Issuance of a legalisation decision ends the simplified legalisation proceeding so that, unlike in the standard legalisation procedure, the structure may be put into use without having to obtain an occupancy permit. Then the basis for use of the legalised structure will be the legalisation decision itself.

Crucially for owners of illegally built structures, the simplified legalisation procedure does not provide for legalisation fees, the amounts of which can be so high that they render the legalisation unfeasible (especially in the case of structures more than 20 years old). Under the new procedure, the main costs of legalisation will be limited, and the largest cost will be to prepare the technical expert report.

In practice, simplified legalisation proceedings may give rise to certain complications. The law does not answer the question of how to proceed if the technical expert report finds that the structure requires certain work to be conducted to bring it to a condition allowing safe use. Sometimes it will also be hard to prove when the unlawful construction of a building was completed. Nor is it clear how to treat possible later construction work on such a building, also made without permission but less than 20 years before commencement of the proceeding. Will inspectors regard subsequent work, such as renovation or expansion of an older structure, as a bar to using the simplified legalisation procedure?

Assessment of new regulations

Introduction of a liberal new legalisation procedure, which in many instances is tantamount to amnesty, should be assessed positively. The length of time that must pass from the end of construction is long enough that potential legalisation will not injure the interests of other parties (unlike, for example, the inability of stakeholders to seek invalidation of a building permit). Structures in place for 20 years or more have generally been incorporated into the space, and in most instances their use should not have a negative impact on the surroundings.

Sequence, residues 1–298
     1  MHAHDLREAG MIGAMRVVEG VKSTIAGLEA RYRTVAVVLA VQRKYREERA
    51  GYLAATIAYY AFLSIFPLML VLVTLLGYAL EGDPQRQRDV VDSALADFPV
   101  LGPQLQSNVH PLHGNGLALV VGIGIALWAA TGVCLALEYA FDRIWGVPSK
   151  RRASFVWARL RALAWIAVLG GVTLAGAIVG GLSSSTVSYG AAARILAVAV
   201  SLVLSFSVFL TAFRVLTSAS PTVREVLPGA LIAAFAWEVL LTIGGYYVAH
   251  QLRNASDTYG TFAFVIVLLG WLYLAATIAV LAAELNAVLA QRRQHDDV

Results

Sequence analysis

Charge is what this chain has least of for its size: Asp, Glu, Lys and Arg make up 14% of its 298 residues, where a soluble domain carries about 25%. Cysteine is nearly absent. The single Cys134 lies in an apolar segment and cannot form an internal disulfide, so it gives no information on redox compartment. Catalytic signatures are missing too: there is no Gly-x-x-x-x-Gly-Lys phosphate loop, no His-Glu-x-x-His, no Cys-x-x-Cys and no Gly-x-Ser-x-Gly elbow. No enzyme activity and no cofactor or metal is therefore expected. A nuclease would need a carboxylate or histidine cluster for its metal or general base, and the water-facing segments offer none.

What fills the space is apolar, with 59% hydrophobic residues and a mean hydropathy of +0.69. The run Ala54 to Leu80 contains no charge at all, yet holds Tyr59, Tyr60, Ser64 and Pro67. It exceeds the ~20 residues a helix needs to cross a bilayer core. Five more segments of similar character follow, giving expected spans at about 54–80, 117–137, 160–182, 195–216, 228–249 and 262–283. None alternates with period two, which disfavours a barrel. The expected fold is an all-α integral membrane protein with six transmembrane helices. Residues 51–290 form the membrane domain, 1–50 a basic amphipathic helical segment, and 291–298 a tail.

It appears that many owners will be interested in taking advantage of the new regulations—both in the case of owners of unlawfully built structures and those who due to the passage of time no longer hold the documentation on construction and occupancy of structures. In transactions on the real estate market, buyers or financers sometimes require presentation of the full construction documentation, but the documentation has not been retained. Issuance of a legalisation decision using the simplified procedure will provide confirmation that the structure is being used legally.

Radosław Wasiak, adwokat, M&A and Corporate practice, Wardyński & Partners